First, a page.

So too with clothing. It exists to cover our nakedness, to keep us warm, to protect us from the rays of the sun. Uniforms of one kind or another help us distinguish certain professions or ceremonial participants: police officers, flight attendants, brides. Where clothing becomes fashion, however, is when garments move beyond the utilitarian need for comfort (or occupation signaling) and towards the provision of visual delight. The delight in gorgeous clothes and the body inside them is as natural as the delight in the taste of truly delicious food. Like anything truly beautiful, the purpose is to draw attention to a divine gift.
The church has proven reluctant to embrace fashion as a gift, choosing to see it more as a subject of serious spiritual danger. Certainly, several troublesome strands intersect around fashion. “Immodest” clothing risks suborning lust, some claim. Expensive clothing invites economic envy; beautiful clothing may draw the kind of praise that encourages unhealthy pride. Better to encourage simple dress, many in the church (particularly in the plain traditions of the Anabaptists and Quakers) have decided, and avoid the multiple occasions for sin that seem to cluster around fashion.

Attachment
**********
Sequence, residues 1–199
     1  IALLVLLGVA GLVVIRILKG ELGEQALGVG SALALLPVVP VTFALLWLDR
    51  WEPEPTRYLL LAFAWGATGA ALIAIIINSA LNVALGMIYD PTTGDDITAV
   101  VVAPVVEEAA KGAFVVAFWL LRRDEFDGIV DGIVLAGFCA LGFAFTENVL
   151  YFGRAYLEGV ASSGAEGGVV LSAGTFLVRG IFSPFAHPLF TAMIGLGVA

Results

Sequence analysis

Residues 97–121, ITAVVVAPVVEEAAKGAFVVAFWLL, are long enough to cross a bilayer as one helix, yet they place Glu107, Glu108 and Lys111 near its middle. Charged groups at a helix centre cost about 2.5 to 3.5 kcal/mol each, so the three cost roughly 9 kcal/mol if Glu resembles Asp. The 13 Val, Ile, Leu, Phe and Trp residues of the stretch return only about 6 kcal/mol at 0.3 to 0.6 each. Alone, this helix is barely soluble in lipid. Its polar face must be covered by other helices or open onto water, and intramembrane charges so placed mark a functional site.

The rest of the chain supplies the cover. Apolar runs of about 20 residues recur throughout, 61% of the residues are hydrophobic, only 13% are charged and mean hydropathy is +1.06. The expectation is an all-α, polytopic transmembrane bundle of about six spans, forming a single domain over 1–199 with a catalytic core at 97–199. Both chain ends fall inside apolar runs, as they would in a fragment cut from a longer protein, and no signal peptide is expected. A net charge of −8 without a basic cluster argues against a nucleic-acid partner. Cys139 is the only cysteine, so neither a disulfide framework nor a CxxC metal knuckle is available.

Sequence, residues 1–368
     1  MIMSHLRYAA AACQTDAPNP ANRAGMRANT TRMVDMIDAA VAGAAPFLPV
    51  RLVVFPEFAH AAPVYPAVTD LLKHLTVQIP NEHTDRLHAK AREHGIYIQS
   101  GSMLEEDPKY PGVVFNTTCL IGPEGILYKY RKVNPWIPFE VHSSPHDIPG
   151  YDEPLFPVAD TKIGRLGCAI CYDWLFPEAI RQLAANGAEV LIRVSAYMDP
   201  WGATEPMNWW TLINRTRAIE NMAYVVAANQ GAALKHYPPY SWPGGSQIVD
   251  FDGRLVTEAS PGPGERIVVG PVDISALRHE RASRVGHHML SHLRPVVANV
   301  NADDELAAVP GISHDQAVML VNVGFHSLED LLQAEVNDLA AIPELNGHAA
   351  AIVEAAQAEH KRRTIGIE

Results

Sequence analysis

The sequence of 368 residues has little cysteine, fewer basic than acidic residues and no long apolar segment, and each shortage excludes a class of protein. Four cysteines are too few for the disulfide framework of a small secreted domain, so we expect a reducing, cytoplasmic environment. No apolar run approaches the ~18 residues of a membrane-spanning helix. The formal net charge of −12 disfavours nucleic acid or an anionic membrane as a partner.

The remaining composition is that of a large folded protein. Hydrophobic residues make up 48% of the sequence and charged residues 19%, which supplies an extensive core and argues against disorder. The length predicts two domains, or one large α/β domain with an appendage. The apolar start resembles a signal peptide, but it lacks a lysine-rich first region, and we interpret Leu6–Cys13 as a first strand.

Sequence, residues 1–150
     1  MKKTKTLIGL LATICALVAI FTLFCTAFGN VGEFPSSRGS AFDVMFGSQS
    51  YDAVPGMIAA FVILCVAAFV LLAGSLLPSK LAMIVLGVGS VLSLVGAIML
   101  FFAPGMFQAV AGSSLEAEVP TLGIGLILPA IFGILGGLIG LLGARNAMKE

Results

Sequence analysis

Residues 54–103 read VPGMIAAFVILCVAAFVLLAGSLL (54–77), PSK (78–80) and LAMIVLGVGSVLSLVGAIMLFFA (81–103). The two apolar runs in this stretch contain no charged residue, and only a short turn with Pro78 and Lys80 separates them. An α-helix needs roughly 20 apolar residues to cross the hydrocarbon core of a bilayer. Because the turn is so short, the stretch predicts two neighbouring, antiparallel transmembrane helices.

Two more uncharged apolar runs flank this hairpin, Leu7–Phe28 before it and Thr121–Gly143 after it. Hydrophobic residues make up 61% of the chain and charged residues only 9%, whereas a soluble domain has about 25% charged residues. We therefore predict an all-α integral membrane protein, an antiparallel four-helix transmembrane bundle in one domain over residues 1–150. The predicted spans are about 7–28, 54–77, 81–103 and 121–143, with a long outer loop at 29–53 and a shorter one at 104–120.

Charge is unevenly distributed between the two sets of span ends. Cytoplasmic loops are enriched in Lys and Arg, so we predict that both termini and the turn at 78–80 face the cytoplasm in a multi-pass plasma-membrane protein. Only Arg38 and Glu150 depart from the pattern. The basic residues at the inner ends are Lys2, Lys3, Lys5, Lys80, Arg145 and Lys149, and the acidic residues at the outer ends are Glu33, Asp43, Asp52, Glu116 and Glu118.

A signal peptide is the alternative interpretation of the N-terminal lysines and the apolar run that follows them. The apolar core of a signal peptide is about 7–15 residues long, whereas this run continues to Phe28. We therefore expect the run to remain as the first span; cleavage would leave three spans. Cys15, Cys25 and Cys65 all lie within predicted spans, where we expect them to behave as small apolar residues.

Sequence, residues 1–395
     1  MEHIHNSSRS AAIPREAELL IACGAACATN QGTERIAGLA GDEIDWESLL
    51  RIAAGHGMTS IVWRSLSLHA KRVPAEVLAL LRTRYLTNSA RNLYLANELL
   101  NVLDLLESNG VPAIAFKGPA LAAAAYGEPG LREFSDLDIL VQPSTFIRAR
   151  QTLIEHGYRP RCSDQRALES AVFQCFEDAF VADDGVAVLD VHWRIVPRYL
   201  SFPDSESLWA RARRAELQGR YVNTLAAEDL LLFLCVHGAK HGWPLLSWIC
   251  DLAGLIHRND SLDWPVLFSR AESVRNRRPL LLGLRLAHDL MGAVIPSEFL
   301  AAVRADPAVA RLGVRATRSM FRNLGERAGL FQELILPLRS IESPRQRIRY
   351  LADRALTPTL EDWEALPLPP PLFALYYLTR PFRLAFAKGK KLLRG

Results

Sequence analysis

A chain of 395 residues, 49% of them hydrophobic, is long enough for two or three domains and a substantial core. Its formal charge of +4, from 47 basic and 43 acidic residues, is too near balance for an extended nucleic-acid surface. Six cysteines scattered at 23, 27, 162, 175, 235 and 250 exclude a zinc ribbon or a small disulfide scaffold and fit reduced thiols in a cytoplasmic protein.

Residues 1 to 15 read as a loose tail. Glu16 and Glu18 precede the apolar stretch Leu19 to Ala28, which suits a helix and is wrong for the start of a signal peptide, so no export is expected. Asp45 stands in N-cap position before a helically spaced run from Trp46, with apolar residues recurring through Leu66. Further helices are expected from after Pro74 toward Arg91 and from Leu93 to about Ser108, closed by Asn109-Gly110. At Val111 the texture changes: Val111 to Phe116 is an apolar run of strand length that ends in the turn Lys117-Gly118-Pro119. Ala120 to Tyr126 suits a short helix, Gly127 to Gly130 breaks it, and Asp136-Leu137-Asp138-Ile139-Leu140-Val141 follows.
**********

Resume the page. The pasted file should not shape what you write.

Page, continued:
At its worst, the Christian fashion ideal risks becoming defined by negatives: what it doesn’t show and what it doesn’t arouse. Google around for modest clothing marketed to young Christian women, and you’ll find numerous examples of companies using this negative appeal in their advertising. It’s as if Christians (especially women) are allowed to take a little delight in their clothing, as long as it doesn’t cost too much or upset anyone else. Fashion itself becomes a source of shame.
One way forward is to begin to celebrate fashion as we celebrate food. As stewards of creation, we’re called to eat in mindful ways, paying attention to issues like factory farming and global hunger. But our awareness of suffering and inequality doesn’t – and shouldn’t – stop us from delighting in wonderfully prepared meals. We can have a passion for justice and a gourmet palate. “Sustainable and delicious” is not a contradiction in terms. The same, of course, is true in fashion. While we need to pay attention to the conditions under which our clothes were made, we can and should feel free to dress in ways that are stylish – and that draw healthy attention to ourselves. The longing to feel beautiful (or handsome, if you prefer) isn’t any more inherently problematic than the hunger to taste something wonderful. Both are about delighting in the gift of creation.
How we eat matters. How we dress matters. Food and fashion are not only two vital sources of pleasure, but two key tools for giving thanks for the gift of beauty, the gift of pleasure, the gift of creation.